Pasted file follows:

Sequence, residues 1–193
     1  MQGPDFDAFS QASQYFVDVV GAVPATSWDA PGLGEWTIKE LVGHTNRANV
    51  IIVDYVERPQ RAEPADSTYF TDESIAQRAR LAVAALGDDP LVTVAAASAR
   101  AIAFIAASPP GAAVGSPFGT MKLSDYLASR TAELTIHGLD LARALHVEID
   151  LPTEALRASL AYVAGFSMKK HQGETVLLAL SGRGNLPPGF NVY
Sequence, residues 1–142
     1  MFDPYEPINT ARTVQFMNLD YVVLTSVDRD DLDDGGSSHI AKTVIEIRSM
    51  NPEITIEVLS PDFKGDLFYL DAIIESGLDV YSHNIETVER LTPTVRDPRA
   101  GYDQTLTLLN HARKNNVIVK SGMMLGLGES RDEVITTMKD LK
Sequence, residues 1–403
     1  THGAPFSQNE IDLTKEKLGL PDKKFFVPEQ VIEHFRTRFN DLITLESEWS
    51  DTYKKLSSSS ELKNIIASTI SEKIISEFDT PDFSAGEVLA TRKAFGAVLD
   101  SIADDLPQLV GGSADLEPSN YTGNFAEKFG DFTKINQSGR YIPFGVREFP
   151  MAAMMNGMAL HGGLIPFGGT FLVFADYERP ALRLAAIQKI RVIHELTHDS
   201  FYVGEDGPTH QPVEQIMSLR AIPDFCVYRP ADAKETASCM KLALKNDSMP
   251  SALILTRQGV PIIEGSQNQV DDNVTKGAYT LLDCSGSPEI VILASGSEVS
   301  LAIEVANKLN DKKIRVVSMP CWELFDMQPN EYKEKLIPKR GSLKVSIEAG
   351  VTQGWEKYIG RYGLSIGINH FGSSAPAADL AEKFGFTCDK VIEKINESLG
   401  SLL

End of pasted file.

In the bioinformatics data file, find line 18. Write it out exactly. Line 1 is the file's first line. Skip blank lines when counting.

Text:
   351  VTQGWEKYIG RYGLSIGINH FGSSAPAADL AEKFGFTCDK VIEKINESLG